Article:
ERIC Number: EJ784705
Record Type: Journal
Publication Date: 2008
Reference Count: 101
Sensory Processing Disorder in a Primate Model: Evidence from a Longitudinal Study of Prenatal Alcohol and Prenatal Stress Effects
Schneider, Mary L.; Moore, Colleen F.; Gajewski, Lisa L.; Larson, Julie A.; Roberts, Andrew D.; Converse, Alexander K.; DeJesus, Onofre T.
Child Development, v79 n1 p100-113 Jan-Feb 2008
Disrupted sensory processing, characterized by over- or underresponsiveness to environmental stimuli, has been reported in children with a variety of developmental disabilities. This study examined the effects of prenatal stress and moderate-level prenatal alcohol exposure on tactile sensitivity and its relationship to striatal dopamine system function in thirty-eight 5- to 7-year-old rhesus monkeys. The monkeys were from four experimental conditions: (a) prenatal alcohol exposed, (b) prenatal stress, (c) prenatal alcohol exposed + prenatal stress, and (d) sucrose controls. Increased D2 receptor binding in the striatum, evaluated using positron emission tomography neuroimaging, was related to increased withdrawal (aversion) responses to repetitive tactile stimuli and reduced habituation across trials. Moreover, prenatal stress significantly increased overall withdrawal responses to repetitive tactile stimulation compared to no prenatal stress.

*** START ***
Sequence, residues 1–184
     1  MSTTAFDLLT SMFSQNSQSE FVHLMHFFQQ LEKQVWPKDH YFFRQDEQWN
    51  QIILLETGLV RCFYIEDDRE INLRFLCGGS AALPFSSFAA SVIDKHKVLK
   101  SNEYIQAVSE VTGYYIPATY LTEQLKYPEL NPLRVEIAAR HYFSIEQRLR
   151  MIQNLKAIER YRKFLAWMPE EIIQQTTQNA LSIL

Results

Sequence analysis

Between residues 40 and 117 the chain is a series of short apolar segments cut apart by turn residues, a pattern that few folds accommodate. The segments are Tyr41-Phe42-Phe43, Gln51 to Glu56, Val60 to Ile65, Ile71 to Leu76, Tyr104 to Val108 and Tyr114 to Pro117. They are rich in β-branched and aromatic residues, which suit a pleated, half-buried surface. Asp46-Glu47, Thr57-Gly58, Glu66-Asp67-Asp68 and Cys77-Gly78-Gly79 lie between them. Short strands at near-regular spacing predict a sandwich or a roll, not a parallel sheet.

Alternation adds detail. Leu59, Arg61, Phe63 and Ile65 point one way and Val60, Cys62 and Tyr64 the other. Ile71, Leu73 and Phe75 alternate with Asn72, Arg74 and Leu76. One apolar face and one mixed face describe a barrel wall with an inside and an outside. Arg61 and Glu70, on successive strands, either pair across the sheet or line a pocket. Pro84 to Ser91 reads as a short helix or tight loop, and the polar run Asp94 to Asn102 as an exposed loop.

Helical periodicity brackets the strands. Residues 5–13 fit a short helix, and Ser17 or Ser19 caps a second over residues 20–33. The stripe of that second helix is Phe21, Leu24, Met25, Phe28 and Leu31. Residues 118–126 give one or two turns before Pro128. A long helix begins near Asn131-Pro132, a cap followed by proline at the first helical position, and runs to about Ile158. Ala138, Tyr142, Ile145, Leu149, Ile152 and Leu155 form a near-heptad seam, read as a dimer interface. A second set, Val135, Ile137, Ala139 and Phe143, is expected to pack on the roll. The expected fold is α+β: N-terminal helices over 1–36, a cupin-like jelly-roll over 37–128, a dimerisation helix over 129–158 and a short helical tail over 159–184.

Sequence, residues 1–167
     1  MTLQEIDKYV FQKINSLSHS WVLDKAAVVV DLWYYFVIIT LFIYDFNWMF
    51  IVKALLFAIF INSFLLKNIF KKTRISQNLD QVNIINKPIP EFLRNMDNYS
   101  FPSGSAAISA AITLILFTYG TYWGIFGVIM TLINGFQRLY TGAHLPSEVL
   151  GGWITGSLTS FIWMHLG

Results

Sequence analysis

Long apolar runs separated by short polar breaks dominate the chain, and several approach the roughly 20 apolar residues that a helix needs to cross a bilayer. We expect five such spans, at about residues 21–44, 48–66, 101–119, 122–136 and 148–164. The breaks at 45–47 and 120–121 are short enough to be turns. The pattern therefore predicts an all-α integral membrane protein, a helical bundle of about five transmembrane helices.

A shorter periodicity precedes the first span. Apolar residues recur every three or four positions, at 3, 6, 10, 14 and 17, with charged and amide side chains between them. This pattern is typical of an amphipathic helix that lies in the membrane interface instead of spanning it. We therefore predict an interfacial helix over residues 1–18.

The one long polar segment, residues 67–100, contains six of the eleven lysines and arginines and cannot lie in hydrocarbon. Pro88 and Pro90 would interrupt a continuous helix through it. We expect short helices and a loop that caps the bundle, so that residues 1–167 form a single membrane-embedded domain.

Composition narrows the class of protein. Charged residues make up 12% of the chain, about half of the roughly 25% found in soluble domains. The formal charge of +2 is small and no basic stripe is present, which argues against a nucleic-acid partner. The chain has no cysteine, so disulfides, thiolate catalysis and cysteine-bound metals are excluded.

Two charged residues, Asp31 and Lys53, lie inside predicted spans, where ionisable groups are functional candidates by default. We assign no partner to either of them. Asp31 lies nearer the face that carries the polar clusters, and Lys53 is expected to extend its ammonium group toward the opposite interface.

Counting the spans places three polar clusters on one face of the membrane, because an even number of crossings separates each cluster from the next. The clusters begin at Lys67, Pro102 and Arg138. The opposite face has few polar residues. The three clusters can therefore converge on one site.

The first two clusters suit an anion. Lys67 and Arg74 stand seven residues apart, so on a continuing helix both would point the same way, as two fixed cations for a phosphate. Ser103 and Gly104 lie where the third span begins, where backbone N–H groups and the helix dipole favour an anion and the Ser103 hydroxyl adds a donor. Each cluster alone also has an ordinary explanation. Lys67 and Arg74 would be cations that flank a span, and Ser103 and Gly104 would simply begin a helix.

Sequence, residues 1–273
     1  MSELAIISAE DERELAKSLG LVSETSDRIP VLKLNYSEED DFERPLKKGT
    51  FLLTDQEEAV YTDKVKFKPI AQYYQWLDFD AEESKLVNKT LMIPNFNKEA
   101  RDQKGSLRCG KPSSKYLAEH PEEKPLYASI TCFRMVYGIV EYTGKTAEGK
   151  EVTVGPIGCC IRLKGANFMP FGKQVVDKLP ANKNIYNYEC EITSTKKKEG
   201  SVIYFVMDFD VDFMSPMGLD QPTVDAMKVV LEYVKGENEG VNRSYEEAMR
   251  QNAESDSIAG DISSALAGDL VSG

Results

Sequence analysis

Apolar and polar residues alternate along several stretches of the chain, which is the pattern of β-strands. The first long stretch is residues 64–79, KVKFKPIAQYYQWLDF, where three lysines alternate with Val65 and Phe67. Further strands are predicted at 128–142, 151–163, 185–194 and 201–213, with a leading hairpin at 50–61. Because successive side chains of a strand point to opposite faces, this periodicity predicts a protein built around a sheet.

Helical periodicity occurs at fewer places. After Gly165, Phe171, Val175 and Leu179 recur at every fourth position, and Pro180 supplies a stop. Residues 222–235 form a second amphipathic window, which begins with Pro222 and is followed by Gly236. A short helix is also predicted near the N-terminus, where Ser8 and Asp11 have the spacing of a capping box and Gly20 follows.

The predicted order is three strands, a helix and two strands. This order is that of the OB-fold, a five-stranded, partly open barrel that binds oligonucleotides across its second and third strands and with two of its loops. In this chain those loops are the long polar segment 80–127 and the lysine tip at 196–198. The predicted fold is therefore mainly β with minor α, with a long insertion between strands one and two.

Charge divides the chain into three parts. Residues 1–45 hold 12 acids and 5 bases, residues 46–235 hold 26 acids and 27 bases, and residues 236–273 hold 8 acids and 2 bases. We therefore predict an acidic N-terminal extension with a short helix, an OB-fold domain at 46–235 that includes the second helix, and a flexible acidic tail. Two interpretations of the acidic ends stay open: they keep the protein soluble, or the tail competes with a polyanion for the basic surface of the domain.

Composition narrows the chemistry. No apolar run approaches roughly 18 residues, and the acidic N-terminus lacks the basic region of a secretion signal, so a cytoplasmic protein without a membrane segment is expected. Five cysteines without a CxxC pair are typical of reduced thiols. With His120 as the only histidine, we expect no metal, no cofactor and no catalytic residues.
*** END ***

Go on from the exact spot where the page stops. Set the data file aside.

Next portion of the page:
Descriptors: Stimuli, Stimulation, Developmental Disabilities, Fetal Alcohol Syndrome, Sensory Integration, Animals, Prenatal Influences, Control Groups, Biochemistry, Diagnostic Tests, Tactual Perception, Withdrawal (Psychology)
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Publication Type: Journal Articles; Reports - Evaluative
Education Level: N/A
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